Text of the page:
Sunday, March 22, 2009

City slums: Urban Rurality

After meeting with the Chittagong Development Authority and learning of their plans to heighten the embankment and plant mangrove forests, we wanted to visit some of the affected communities living in slum areas around the embankment that protects the city. We got pointed in the direction of the Chittagong City Corporation, where we met architects and urban planners Reza and Shahidul, involved in the department “Healthy City”. They busy themselves with issues surrounding slum development. They immediately invited us on an all day slum excursion, where we visited the most disaster prone and economically poor areas of Chittagong.

We set off in our CNG, in which we thought only three people could fit. However, our super guide Shahidul squeezed himself next to (on top of) our driver and folded his arm around him. The first part of the ride took us through the outskirts of the port area which can be seen as the economic heart of the slums. This is where the broken ship parts (from the shipbreaking industry) are processed and resold to be used in the building industry. Everything is recycled! Due to the port proximity, it is also where most of the garment factories are located, one of Bangladesh’s largest economic export products.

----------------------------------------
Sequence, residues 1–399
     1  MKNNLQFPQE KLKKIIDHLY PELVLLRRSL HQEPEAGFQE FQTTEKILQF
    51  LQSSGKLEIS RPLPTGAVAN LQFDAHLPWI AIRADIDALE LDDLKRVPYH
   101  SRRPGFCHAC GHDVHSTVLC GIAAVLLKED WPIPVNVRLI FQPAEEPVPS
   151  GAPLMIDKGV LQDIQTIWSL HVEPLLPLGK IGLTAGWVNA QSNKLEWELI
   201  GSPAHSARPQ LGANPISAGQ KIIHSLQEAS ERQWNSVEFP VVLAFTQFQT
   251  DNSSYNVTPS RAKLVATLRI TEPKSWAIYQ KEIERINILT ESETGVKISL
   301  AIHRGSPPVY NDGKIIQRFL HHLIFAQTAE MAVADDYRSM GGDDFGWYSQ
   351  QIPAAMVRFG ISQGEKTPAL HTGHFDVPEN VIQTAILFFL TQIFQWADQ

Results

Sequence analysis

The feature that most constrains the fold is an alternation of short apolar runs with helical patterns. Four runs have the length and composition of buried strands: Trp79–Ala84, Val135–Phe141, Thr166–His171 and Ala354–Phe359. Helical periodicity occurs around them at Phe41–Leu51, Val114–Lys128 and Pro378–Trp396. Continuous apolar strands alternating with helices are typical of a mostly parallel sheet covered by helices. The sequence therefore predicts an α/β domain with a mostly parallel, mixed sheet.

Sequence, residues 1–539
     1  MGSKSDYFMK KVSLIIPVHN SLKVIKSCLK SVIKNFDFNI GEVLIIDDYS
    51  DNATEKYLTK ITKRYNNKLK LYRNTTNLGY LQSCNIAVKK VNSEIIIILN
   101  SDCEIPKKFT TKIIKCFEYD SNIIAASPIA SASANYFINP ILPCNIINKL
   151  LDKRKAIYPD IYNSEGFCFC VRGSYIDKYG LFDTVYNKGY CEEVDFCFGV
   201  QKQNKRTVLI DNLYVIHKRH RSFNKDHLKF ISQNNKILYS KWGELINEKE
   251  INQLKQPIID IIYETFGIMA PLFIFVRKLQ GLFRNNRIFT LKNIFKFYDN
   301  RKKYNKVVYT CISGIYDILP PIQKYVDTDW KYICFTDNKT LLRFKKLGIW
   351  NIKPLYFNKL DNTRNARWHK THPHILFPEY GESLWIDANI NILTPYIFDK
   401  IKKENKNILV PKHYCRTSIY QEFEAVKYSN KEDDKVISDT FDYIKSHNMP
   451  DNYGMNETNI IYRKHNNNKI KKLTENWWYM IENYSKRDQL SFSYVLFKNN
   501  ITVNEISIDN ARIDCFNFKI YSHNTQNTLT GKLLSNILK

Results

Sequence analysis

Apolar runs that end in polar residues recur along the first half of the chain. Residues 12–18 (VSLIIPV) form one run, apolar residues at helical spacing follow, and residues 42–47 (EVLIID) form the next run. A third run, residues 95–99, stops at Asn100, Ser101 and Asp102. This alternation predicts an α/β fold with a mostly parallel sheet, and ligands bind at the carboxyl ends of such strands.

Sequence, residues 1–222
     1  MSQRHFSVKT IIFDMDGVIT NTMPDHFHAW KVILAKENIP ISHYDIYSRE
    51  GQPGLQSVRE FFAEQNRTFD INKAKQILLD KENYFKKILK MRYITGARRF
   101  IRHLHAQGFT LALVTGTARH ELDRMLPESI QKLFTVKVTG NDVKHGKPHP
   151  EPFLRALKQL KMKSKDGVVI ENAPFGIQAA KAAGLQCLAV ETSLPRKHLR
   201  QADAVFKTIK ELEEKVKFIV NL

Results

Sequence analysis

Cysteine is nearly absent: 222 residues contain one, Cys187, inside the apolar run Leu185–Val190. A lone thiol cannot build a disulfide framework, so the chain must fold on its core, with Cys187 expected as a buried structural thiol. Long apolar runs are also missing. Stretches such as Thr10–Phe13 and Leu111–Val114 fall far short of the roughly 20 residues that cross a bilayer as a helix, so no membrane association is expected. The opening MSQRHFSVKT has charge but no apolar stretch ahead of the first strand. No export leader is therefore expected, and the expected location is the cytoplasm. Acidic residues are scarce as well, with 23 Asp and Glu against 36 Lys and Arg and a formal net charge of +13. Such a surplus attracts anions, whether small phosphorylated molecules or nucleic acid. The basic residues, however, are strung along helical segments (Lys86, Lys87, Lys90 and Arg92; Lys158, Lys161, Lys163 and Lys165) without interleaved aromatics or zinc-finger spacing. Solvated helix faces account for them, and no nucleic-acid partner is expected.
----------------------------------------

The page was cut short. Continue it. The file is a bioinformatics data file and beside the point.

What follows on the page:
Our first stop was at a Hindu Fishing community, an informal settlement that was under development by the Chittagong City Corporation. People were proudly laying bricks for a narrow path (three bricks wide) through the small structures. We had not quite expected to be walking on such a good looking pathway in our first slum. We could see that these people were fishermen, due to the fishing nets that were used as fencing. There was one toilet for the whole community, which was apparently not sufficient. Most houses were in the traditional Kanchi style, made of bamboo. They preferred this over the tin sheeting due to interior climate, although parts of the bamboo houses needed to be rebuilt. The spaces were small, housing ten people on twelve square meters. Despite their struggles, these people were very friendly and the children were extremely playful. Just outside of the community, a canal was dug out again for water flow. Things were clearly under development.

We then moved on to a local farm next to the embankment. First of all, it was surprising to see farm land inside such a huge city. Secondly, it was even more surprising to see Frisian cows invading the countryside! They were famous, because they came from "Australia". The ground was clearly very fertile. Rice paddies were green as green can be. The main problem the farmer faces, is the lack of killas (raised land) to protect the cattle in case of cyclones and flooding.

The next stop was at the embankment itself, where we met with some fishermen and had a cup of tea. There were two embankments. One was newer and used as a highway. It was not possible to access this road from these villages, making them less connected. The other embankment had an old dirt road, which was nothing our CNG driver couldn't handle. The fisherman on the good side of the embankments have lived in the area for a long time. They have suffered greatly from the 1991 cyclone, and they surely do not feel comfortable with their current situation if a new cyclone would hit the area.